One trouble with energy efficient lighting is that very often the advantage is partly exchanged into more light rather than the full energy saving.

Yes, I've noticed that in some places. Fortunately, the street lights where I live don't seem to use that philosophy; they're well-designed and direct the light strictly downward, and aren't brighter than the lights they replaced. I wish that were the case everywhere.





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HarbingerDawnDate: Friday, 22.01.2016, 16:43 | Message # 324
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Warp speed to Perseus!






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JackDoleDate: Monday, 02.05.2016, 20:37 | Message # 325
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Regarding my assumption here, the signals of 'KIC 8462852' may have been caused by a Death Star: https://youtu.be/gypAjPp6eps?t=683 biggrin




Don't forget to look here.



Edited by JackDole - Monday, 02.05.2016, 20:39
 
WatsisnameDate: Tuesday, 03.05.2016, 09:31 | Message # 326
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Still thermodynamically impossible. Where's the heat?

At least the Dyson Swarm idea is actually consistent with observations. smile





 
JackDoleDate: Tuesday, 03.05.2016, 11:43 | Message # 327
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Well, in the meantime, I have anyway a different theory. dry

KIC 8462852 itself may be quite young, just in the main sequence.

If there aliens are at work, I think that they are from the nearby red dwarf.

There, the raw materials may become scarce. So they go to the neighboring star and decompose there the planets and asteroids for raw materials. And what the sun obscured, is simply prowling rubble!

Maybe heat radiation would be to detect in such a work.
But perhaps this depends on the technique used.
They would be there in any case over a hundred years at work.
How many centuries or millennia in fact, we can not know! biggrin





Don't forget to look here.

 
meegjaDate: Monday, 16.05.2016, 08:41 | Message # 328
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I used to have a simple 130/900mm Newton with a simple camera and used eyepiece projection to capture.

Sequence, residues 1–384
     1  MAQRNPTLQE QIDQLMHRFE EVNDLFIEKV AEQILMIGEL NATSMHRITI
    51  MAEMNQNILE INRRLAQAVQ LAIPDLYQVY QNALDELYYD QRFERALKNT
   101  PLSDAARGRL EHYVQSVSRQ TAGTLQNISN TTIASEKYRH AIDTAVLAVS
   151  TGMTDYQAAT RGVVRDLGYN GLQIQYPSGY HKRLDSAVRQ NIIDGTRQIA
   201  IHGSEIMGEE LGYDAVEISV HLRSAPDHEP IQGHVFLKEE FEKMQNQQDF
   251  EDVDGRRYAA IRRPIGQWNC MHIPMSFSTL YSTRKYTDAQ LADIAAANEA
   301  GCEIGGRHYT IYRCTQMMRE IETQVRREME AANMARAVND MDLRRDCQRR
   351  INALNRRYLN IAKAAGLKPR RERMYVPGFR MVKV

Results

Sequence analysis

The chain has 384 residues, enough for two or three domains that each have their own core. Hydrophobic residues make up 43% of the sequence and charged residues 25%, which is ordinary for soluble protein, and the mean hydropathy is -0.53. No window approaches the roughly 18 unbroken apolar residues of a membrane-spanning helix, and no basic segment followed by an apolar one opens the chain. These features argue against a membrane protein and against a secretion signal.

The moon shot is build out off 56 zoomed in separate shots stitched together to get 1 shot. The original image is around 12000 pixels because of that smile Version here is 1600 pixels. Did some work on it to get better contrast and also to get color in (which the moon actually has). The 12000 pixels of the original was perfect for that.
The sunspot GIF was sort of thinking outside the box. Was in 2007 and for 5 days I took one shot of the sunspot. And then I made a sequence of time overlapping shots. Resulting in this morphing sunspot :)

Code


Code

Attachments: 1513174.jpg(315Kb) · 1463150.gif(343Kb)





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Edited by meegja - Monday, 16.05.2016, 08:42
 
meegjaDate: Monday, 16.05.2016, 08:55 | Message # 329
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Oh, and this one was cool to to watch: the Moon revealing Saturn after the covering on 22 may 2007.

Code

Attachments: 9956021.jpg(385Kb)





Always be yourself (unless you suck)
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meegjaDate: Monday, 16.05.2016, 09:32 | Message # 330
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Ok, another share. Video called "Journey to Hyginus". Used another mosaic for this. It's just a video zooming in on an 10000 pixel image but the result was cool. Was used on a big screen at an observatory for educational purposes :)
Best watched in full screen 1080p HD.






Always be yourself (unless you suck)
Intel i5 4690k 3.5 GHz, 16 GB DDR3 2400 RAM, MSI GTX 1080 Founders Edition


Edited by meegja - Monday, 16.05.2016, 09:41